The recent announcement that FOX show Arrested Development, off-air since 2006,would soon return underscores the way social media and the Internet are allowing people’s voices to be heard more and more.  Once upon a time, networks took the pulse of the country through traditional Nielsen ratings of television viewership by channel; nothing else mattered.  But thanks to social media, such old-fashioned gauges, while still relevant, have become but one of many telling indicators. 

Now, blogs and forums allow anyone with Internet access to share their love for a show with like-minded others.  An iPhone application allows users to ‘check in’ on Twitter and Facebook while watching a show, linking to a description of it.  And such outlets are having an impact.

Shows like Friday Night Lights and Chuck—critically-acclaimed and possessing a devoted fanbase but consistently posting poor Nielsen ratings—survived numerous attempts at cancellation thanks to fansites and pleas on Facebook and Twitter.  Chuck in particularcharted high in analyses of programs’ prominence in social media, blogs, and forums.  An even more extreme example is teen drama Gossip Girl, which made up for its poor ratings with heavy iTunes episode downloads and other new-school indications of interest.  As an article in New York’s Vulture Magazine stated, “Even executives at Nielsen threw up their hands and admitted that Gossip Girl appeared to be speaking to an audience so young and tech-savvy that they hadn’t really figured it out yet.”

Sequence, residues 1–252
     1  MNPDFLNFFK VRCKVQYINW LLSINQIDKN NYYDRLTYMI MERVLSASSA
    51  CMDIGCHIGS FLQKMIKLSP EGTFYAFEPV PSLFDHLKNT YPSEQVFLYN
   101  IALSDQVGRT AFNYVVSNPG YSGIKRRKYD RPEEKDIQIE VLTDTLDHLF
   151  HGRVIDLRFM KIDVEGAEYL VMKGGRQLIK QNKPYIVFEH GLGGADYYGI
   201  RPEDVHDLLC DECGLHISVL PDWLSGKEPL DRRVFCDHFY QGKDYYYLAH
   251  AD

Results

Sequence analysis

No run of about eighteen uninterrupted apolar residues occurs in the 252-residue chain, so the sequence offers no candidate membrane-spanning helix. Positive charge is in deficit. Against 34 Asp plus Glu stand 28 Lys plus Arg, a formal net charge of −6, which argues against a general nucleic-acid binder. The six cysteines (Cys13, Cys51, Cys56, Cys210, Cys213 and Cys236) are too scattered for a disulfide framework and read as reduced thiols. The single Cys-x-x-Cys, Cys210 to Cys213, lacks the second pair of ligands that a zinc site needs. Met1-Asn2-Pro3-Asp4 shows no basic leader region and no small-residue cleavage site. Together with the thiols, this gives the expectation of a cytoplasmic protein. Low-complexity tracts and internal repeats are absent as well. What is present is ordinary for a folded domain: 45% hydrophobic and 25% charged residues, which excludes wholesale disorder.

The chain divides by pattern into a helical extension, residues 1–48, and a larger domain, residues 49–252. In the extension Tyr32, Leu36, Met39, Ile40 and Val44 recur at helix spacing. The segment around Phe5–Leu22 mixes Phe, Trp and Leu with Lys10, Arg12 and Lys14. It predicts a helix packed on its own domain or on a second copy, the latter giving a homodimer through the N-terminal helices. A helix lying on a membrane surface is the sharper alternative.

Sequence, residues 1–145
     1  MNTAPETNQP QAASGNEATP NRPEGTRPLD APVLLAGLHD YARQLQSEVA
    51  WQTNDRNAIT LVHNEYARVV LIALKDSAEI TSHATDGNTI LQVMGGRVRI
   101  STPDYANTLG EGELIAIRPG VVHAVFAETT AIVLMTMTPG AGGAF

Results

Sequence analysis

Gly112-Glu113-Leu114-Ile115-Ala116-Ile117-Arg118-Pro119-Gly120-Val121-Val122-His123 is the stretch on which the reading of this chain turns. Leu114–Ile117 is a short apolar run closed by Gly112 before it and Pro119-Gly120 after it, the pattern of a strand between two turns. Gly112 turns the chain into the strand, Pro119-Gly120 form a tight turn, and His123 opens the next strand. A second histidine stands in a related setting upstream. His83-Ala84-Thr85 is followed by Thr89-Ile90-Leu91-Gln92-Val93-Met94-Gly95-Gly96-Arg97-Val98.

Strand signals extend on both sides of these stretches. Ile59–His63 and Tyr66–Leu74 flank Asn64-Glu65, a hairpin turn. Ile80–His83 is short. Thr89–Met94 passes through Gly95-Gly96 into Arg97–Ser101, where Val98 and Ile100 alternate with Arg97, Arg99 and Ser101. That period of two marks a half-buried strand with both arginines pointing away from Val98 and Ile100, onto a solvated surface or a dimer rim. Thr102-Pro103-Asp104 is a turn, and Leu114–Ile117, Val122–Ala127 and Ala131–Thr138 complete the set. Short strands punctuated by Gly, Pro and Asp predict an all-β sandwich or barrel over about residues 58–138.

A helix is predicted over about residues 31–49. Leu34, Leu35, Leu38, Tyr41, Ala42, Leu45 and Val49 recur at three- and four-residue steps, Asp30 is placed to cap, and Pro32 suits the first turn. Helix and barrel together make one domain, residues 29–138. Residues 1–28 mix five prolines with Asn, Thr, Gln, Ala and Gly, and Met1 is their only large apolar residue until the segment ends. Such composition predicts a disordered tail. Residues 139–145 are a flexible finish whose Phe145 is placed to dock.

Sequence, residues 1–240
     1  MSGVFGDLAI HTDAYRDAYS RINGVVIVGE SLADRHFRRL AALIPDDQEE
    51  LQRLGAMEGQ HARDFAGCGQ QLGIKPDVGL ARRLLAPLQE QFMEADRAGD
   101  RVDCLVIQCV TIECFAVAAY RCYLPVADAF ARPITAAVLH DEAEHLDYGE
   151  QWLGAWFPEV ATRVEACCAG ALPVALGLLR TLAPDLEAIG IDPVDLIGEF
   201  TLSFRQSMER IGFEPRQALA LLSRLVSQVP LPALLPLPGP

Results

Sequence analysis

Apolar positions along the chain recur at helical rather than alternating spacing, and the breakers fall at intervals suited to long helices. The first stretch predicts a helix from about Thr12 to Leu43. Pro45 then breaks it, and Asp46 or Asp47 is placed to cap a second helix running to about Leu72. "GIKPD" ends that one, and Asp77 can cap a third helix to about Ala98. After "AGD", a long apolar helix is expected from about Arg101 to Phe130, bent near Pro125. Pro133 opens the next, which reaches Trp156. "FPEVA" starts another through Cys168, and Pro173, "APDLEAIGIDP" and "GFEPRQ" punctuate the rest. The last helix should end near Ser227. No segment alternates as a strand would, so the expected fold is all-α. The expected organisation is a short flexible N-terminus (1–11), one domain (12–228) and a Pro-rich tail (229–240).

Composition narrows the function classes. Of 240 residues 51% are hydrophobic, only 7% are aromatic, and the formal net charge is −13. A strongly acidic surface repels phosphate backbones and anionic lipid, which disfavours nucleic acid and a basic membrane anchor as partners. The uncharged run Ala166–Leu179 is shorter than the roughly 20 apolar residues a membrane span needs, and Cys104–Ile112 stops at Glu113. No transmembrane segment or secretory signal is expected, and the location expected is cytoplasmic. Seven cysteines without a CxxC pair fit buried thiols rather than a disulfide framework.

The psychological appeal of blogs has long been easily explainable.  They provide anyone with a soapbox, a platform for expressing views, a chance to persuade others.  But when it comes to TV shows, though, the situation becomes more inclusive.  The basic human need for social interaction, for affirmation, for congregating with people who like similar things as you, can be met easier than ever nowadays thanks to social media and fansites.

Studios and networks have grumbled over many technological changes—not just TiVo, but also the ability to watch shows (and movies) online, often illegally.  Executives do deserve some credit for listening to the fans Friday Night Lights and Chuck.  Thus, while Nielsen ratings are still a significant factor in determining what shows make the broadcast schedule and stay on the airwaves, the ratings test is splintering into many other forms.  It would be wise for networks to pay attention to these other outlets; they’re not going anywhere.  

Tweets, emotions, and a competitive advantage